Creating effective ads for Internet radio

There’s been a lot of talk lately about declining results of display banners for advertisers (see wsj.com here). Technically speaking, advertisers and agencies are concerned about their ctr’s – click through rates – or the number of times someone clicks on their banner as a percentage of the number of impressions that banner showed. Returns on banners are dropping. Advertisers and agencies are looking for ways to boost the effectiveness of their campaigns with new media.

What about Internet radio?

This is a great opportunity for Internet radio. But in order to perform under scrutiny, the creative message must suit the medium. Internet radio ads should not utilize the same creative as broadcast radio campaigns. The audience is entirely different. Internet radio’s audience is online, and 80% of them are at work. Ads should exploit the online aspect of the audience, emphasizing an online call to action, driving traffic to a website, or asking the listener to click on a banner on the player. Ads that encourage the listener to call an 800 number, or drive to a certain store location, are targeting a broadcast listener and are not going to satisfy the advertiser’s expectations for ROI. Advertisers must be encouraged to create impactful audio messages for Internet radio.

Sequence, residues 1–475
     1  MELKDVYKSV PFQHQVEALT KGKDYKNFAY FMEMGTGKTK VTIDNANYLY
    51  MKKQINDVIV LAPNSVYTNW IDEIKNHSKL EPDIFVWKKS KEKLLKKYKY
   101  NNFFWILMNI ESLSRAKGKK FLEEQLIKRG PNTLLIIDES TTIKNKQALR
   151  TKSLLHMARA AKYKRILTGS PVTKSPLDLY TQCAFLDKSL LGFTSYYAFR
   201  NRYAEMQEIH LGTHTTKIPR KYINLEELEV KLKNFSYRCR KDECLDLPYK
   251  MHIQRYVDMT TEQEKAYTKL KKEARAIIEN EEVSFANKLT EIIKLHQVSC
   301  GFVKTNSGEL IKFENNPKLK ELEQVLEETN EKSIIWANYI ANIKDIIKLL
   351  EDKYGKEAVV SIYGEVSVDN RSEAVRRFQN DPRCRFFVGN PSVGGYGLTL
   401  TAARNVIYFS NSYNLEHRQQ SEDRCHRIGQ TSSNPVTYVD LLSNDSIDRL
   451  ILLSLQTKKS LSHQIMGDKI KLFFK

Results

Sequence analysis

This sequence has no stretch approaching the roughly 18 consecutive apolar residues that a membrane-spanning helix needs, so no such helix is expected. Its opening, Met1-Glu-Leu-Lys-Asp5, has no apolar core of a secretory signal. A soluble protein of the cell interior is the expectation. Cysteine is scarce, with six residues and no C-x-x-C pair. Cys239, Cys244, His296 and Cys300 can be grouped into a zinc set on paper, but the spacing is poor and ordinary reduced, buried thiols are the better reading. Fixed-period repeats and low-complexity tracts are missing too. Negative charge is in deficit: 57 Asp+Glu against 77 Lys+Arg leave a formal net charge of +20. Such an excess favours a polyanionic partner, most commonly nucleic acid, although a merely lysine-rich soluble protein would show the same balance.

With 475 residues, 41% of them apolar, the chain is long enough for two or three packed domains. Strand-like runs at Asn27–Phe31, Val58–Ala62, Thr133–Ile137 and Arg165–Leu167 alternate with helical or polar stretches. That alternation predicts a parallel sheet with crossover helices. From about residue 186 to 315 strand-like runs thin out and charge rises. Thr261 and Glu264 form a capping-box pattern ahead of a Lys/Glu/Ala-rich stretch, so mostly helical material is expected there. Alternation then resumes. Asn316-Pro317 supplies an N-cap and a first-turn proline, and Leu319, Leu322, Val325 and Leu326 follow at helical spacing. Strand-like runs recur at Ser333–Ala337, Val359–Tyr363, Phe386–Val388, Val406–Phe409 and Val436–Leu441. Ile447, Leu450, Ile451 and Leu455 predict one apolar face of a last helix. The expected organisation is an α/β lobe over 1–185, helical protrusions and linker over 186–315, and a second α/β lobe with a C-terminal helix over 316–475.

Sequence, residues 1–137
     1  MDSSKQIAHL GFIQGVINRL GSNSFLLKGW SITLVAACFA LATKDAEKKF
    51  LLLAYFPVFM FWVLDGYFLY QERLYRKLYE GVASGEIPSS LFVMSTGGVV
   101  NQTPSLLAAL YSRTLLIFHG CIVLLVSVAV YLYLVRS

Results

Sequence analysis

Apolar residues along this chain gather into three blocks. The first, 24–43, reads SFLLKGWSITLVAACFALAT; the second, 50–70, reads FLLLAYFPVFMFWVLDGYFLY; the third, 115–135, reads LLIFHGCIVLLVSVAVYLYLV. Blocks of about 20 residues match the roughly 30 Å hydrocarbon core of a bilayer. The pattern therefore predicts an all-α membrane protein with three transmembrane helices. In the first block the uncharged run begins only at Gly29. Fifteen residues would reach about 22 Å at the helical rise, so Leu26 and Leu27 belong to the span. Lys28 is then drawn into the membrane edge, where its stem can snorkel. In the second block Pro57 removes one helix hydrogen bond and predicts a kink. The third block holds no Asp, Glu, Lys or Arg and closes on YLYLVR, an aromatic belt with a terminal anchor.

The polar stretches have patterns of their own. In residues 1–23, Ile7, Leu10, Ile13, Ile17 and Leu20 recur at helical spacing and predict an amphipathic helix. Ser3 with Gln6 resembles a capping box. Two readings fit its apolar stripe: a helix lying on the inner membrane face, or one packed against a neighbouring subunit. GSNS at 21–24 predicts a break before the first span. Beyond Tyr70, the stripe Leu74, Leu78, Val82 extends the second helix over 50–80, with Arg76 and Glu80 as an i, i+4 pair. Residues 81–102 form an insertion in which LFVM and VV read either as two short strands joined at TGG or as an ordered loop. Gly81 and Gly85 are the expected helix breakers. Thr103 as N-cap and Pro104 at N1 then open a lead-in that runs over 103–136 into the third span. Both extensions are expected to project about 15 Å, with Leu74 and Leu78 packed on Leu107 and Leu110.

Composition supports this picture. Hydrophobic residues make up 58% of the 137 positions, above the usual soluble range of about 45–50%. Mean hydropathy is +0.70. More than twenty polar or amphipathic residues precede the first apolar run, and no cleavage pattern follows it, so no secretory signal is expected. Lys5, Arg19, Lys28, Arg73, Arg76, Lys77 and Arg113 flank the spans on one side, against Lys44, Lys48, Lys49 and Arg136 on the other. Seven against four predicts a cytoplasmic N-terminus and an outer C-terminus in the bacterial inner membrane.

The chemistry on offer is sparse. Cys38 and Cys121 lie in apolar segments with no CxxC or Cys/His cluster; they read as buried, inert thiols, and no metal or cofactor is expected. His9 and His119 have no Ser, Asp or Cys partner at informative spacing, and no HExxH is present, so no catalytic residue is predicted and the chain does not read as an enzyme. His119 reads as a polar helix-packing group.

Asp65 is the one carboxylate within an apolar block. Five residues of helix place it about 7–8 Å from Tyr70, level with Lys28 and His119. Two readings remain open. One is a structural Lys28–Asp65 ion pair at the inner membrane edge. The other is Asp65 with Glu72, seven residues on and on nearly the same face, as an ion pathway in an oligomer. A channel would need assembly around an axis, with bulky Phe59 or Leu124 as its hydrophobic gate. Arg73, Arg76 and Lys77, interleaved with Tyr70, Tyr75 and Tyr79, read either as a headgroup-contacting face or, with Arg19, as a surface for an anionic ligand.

An excellent real life example of this strategy was summarized in a case study by AdWeek on a USPS Priority Mail campaign. USPS had decided to dedicate 3% of its ad budget to emerging media, and tested Internet radio as part of that budget. They used spots that specifically referred to the banner on the media player that accompanied the audio spot. The return on the campaign in the number of banner clicks was much more than they expected. You can read the AdWeek article here.

Internet radio measures up

Internet radio is a lot more than banners, and there’s a lot more to consider when evaluating the success of an Internet radio campaign than a number of clicks generated. However, it’s also important to note that when forced to measure up to strict ROI standards and meet certain expectations in terms of clicks, Internet radio can perform. 

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